#22 AngieW in Texas

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Posted 25 February 2011 - 11:28 AM

Arts and Technology at University of Texas at Dallas

http://www.utdallas..../programs/atec/

#23 Samuel

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Posted 25 February 2011 - 02:35 PM

I guess what I'm wondering at this point is---is working for:

--those extra few points on the SAT/ACT
--AP credits
--overall rigor in the courseload


I would note that at least as far as rigor in course-load is concerned (and perhaps APs, depending on the alternative), there is a benefit even if it does not do much for scholarship $$. Strong education is valuable both because it expands our minds and because it will result in better performance in college. One of the biggest determinants of Freshman success in my classes is prior preparation.

#24 distancia

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Posted 03 March 2011 - 12:31 PM

...gave free rides (room & board) to National Merit Finalists. The state schools somehow got away with giving more than that so students go not only go to school for free but buy a car or something. That was 13 years ago. I don't know what's changed since.I believe it's the PSAT that qualifies for NM. But I am very fuzzy on the details.


Correct--many schools give a "full ride" to National Merit Scholars, and yes, the PSAT in Junior year is what qualifies.

I noticed our state schools are ALL giving NMS the same amount, $12k per year, which covers about 90% of tuition, room, and board. A couple of the state schools are throwing in a free computer, and one of the state schools (the lowest ranking of the bunch, and therefore the one that has the most to gain with a NMS) is even giving the use of an automobile for 4 years. That kind of award leaves the student and family with only a few thousand dollars to come up with every year, which is easy enough to acquire.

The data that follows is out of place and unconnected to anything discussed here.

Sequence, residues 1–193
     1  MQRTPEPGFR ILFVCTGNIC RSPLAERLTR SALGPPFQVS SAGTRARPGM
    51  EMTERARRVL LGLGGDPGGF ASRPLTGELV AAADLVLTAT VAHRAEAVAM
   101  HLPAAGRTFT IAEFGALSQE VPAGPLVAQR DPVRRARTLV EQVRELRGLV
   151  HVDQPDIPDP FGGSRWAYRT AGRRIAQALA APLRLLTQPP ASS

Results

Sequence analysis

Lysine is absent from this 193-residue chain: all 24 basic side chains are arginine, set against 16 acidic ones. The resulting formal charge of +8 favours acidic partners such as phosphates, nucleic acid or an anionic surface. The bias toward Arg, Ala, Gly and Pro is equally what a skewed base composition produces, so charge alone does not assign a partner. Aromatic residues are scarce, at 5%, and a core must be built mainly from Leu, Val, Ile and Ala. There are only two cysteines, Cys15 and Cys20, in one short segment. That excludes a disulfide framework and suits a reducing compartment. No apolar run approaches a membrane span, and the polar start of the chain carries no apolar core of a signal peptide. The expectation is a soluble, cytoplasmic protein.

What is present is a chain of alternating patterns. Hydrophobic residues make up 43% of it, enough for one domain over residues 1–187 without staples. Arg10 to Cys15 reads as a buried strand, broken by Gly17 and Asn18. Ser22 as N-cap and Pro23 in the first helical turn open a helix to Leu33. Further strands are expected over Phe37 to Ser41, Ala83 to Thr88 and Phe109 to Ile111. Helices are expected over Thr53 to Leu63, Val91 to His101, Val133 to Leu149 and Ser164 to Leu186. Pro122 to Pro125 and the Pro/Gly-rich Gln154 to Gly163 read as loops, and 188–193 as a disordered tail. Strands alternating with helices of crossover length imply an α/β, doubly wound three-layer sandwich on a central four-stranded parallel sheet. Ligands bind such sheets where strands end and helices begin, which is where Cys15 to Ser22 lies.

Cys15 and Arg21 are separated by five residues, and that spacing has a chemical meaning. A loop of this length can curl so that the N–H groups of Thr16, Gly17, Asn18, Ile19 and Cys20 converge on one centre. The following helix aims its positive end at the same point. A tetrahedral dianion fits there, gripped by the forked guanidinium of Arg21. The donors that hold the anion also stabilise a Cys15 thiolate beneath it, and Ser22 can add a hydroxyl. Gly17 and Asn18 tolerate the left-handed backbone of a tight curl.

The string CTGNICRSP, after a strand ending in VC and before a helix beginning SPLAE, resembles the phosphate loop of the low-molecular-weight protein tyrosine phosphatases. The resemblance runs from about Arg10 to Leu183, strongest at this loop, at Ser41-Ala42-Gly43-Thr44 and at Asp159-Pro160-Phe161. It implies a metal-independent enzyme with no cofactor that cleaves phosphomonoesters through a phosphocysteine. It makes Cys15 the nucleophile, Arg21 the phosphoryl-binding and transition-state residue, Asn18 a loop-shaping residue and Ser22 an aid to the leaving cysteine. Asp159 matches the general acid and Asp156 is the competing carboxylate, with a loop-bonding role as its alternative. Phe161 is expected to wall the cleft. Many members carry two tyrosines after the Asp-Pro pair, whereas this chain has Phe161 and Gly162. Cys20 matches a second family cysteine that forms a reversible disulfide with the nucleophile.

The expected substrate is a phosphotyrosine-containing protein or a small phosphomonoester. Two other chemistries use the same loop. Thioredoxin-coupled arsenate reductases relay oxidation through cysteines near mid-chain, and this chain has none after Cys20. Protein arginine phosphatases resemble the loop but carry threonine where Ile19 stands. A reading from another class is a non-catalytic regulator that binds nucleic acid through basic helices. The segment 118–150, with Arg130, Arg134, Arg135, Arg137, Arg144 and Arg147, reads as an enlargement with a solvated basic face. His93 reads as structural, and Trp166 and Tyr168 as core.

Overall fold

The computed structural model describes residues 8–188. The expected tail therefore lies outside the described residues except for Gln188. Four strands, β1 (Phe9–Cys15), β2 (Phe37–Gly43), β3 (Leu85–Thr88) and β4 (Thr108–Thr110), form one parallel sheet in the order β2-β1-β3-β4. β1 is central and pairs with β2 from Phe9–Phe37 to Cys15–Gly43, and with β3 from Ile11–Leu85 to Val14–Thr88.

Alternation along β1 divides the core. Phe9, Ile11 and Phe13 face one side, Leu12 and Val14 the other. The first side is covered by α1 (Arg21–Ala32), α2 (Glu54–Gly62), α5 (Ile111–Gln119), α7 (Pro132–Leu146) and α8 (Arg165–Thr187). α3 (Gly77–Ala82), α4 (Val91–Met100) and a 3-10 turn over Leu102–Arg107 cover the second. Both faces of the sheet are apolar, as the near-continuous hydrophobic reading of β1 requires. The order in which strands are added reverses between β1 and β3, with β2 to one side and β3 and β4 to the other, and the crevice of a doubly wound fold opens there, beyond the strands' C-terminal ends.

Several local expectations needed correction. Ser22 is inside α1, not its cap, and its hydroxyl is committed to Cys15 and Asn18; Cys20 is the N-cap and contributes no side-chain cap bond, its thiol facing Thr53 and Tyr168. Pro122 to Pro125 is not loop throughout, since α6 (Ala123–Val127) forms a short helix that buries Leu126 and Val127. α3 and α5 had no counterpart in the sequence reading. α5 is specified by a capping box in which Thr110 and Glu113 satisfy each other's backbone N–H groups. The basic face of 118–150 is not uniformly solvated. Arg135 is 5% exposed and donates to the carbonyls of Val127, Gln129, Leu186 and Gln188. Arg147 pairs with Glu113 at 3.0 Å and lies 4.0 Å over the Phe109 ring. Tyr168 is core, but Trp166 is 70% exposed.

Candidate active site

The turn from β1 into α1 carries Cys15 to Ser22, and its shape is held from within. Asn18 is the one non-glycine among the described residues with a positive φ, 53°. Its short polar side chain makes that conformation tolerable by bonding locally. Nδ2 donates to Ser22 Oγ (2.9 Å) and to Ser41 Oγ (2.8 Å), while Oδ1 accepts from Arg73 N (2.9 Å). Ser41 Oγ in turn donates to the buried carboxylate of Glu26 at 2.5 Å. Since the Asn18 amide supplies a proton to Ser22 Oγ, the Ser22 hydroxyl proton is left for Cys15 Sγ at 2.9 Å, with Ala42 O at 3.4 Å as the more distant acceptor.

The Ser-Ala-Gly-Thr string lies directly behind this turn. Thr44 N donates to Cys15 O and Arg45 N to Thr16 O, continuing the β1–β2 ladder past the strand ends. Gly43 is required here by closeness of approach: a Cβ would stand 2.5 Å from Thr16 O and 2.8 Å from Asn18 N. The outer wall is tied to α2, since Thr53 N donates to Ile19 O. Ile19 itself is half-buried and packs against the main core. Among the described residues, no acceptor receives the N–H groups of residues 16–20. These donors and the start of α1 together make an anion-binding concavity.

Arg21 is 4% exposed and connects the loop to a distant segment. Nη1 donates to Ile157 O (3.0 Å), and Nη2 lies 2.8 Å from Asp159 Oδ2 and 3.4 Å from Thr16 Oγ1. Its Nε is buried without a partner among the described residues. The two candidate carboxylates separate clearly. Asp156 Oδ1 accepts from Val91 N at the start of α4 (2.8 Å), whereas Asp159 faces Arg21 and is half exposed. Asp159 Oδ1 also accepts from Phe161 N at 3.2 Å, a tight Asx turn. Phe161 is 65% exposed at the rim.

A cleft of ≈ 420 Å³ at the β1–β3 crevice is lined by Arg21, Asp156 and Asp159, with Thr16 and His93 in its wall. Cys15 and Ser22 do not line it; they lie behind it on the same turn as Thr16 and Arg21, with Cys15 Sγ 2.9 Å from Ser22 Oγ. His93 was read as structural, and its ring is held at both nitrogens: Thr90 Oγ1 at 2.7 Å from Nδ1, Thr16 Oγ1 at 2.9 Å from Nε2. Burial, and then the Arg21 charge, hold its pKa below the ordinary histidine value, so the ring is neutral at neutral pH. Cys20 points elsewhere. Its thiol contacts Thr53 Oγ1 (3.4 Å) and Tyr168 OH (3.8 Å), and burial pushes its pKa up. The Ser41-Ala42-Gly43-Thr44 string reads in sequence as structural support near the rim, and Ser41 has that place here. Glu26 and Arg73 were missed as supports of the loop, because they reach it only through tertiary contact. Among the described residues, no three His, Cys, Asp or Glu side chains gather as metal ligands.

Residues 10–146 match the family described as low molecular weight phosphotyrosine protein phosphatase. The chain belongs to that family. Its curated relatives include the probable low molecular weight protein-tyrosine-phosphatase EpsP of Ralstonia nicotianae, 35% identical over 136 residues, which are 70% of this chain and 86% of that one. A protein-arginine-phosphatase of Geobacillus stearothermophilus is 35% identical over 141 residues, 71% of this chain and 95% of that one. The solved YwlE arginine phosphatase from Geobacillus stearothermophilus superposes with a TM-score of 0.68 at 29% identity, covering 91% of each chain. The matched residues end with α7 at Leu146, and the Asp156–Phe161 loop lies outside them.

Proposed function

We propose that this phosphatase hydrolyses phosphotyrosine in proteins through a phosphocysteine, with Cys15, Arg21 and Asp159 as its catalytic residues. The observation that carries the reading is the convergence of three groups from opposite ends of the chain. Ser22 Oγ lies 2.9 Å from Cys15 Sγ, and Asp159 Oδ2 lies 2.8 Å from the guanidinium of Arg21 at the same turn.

Private schools do have some great merit scholarships, especially the lower tier schools, which are trying to increase their stats by drawing in higher caliber students. [Higher tier schools assume all students are quite smart]. However, the scholarship usually only covers tuition, which may be $20K or $30K or more, and leaves the room and board for the parents to pay. My nephew had a 34 on his ACTs, and 3.9 GPA (not a single AP class that I am aware of!) and got a full tuition merit scholarship at Ohio U. His parents calculated that the cost of them paying room and board was equivalent to what they would have paid had he stayed in-state. In any instance, room/board/texts cost them about $10K a year.

As Jane in NC says, save save save. College costs can be reduced by having your students study for and take CLEP exams, as well as AP or Dual-Enrollment. For every five classes taken, that is one semester knocked off, which I estimate to be $5K, more or less.

Edited by distancia, 03 March 2011 - 12:36 PM.


#25 Nan in Mass

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Posted 07 March 2011 - 09:04 AM

Bumping to keep all the paying-for-college threads together for a bit.

#26 debbiec

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Posted 10 March 2011 - 04:18 PM

Can I just put my head in the sand and college planning will just go away! :) Wow, I have been so overwhelmed with navigating this part this year (and ds is only a junior) that I am almost mentally paralyzed.

I think I'll come back and finish reading all this later :)